Andy Muschietti was a curious choice for New Line when they first announced that he would be taking over the new adaptation of IT that was once so comfortably in the hands of Cary Fukunaga. At the time the only feature film to Muschietti’s name was Mama, which was a very by-the-numbers supernatural haunter—not exactly the […]
Yep, this has been published before. Let’s face it, the election clock ticking down has pretty much everyone on edge (at best). We can tell you that, through life experience, sometimes the way to get your mind off something scary in real life is to watch something fictional, like oh, a horror movie, that at least diverts the terror into a manageable area. So, we are (re)presenting a pretty goddamned scary short horror film to distract you! Enjoy, and just hit the category tag for ‘Scariest Short Horror Film of the Week’ (or month) if you want more. Hey, things could be worse… you could be the main character in this terrifying little gem.
We were surprised to find there was a Grand Prize Winner of the Bloody Cuts “Who’s There?” short film challenge that was a different film. How could anything be scarier than Lights Out? We were scared to watch “Play Time”, honestly, but it WAS still light out. It’s light out right now, which is why we are brave enough to post it. However, nice summer evening out or not, this one is fucking scary. I personally would be screaming as loud as the actress in the movie if I saw it in a movie theater, and probably more than once. If I was the actual character, I would have soiled myself (and well before the ending).
So if you want a good old-fashioned scare, turn out the lights, turn up the volume, and switch to full-screen. Then check this out:
So… not as much of a slow burn (if you can describe any three-minute short that way) as “Lights Out”, but…yeah. Doesn’t waste much time, and we loved it.
We do recommend the below “making of” short. It’s interesting… and it might help you sleep a little better.
James Wan’s The Conjuring 2 did well in theaters and with critics, and it’s finally available for rental! There are no major spoilers here, just some fun trivia that we would be surprised if you had heard all about before now.
2/3. See that featured image up at the top of this piece? Notice the letters on the bookshelves? V-A-L-A-K. Also, check out the colorful letters on the window below…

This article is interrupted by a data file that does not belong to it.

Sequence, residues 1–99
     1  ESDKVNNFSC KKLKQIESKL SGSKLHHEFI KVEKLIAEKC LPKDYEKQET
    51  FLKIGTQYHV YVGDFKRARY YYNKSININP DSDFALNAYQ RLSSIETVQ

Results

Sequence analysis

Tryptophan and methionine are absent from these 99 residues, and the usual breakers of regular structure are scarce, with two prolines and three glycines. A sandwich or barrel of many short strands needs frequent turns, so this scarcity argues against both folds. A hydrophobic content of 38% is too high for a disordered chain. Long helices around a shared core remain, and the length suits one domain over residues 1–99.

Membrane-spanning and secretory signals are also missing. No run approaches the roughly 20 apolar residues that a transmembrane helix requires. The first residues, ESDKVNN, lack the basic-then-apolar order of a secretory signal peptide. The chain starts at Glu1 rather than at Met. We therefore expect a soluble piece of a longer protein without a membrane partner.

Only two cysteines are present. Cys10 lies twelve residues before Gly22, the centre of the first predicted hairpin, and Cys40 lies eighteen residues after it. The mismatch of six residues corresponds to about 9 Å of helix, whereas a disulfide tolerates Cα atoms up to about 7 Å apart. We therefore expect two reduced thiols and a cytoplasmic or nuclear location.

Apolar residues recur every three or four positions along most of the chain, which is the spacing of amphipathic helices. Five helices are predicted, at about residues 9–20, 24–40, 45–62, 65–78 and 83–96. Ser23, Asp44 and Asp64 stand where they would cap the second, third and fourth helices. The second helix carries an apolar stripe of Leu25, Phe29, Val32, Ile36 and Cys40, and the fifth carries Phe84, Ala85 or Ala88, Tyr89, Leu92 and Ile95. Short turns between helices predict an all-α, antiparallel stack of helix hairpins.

4. Lily Taylor blew her voice out from screaming during filming of the first Conjuring. Vera Farmiga did her one better and blew out a damned lymph node from screaming (multiple takes were needed, which made it worse) filming her role as Elizabeth Warren during The Conjuring 2. Jesus! Ouch! [source: IMDB]
6. Speaking of very scary voices, the actual recording of the possessed Janet Hodgson is played over the end credits. The dialogue in the movie follows the recording closely. If you are feeling brave and the lights are on, you can listen to it below (this recording goes for a full twelve minutes, unlike the condensed version played in The Conjuring 2). Regardless of your level of skepticism, does THIS sound like an 11-year old girl to you? The working class Hodgson family did not exactly have access to sophisticated voice-altering technology. Today it could be easily be faked …but not back in 1977. Listeners beware, however; this made the hair on our bodies stand on end.
7. You probably spotted Annabelle (you don’t forget that thing’s face) in her glass cabinet, along with the music box from The Conjuring in the Warren’s museum, but did you see the black and white painting hanging in the Warren’s office?
It’s the house from The Conjuring, along with that very distinctive tree. Minus Bathsheba’s shadow hanging from the tree, it looks very close to the image on the theatrical poster.
8. Here’s an extremely creepy one. During the Amityville séance cold-open, Elizabeth Warren is terrorized by (among other things) a demonic-looking little boy whose eyes glow a white-silver. Director James Wan was inspired by the following notorious photo claiming to show the youngest victim of the DeFeo massacre (copyright: Paranormal Guide), AKA the “Amityville Ghost Boy”.
9. There is yet another image where you can pick out the demon Valak’s name. This one, you need to be looking for (thank you, IMDB trivia section, for telling us the time mark in the movie). You can see the “V” in the “love” plaque, and the rest…
Oh, GIMME A FREAKIN’ BREAK! Stupidest thing we ever heard, pffffft! We rented the movie on VOD and watched it Saturday night, and we’re fine! Calling bullshit on this one, because… because… what was that noise?